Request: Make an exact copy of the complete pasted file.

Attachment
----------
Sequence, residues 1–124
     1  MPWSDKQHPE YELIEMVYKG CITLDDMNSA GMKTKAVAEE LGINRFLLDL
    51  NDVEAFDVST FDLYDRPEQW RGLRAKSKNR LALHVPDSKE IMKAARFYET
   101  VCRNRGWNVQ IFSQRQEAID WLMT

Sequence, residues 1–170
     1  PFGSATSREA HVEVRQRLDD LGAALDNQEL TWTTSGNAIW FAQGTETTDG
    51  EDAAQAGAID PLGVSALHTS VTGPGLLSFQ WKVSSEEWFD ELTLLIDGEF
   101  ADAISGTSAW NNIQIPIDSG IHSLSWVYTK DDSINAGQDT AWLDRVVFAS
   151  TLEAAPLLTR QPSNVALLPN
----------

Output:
Sequence, residues 1–124
     1  MPWSDKQHPE YELIEMVYKG CITLDDMNSA GMKTKAVAEE LGINRFLLDL
    51  NDVEAFDVST FDLYDRPEQW RGLRAKSKNR LALHVPDSKE IMKAARFYET
   101  VCRNRGWNVQ IFSQRQEAID WLMT

Sequence, residues 1–170
     1  PFGSATSREA HVEVRQRLDD LGAALDNQEL TWTTSGNAIW FAQGTETTDG
    51  EDAAQAGAID PLGVSALHTS VTGPGLLSFQ WKVSSEEWFD ELTLLIDGEF
   101  ADAISGTSAW NNIQIPIDSG IHSLSWVYTK DDSINAGQDT AWLDRVVFAS
   151  TLEAAPLLTR QPSNVALLPN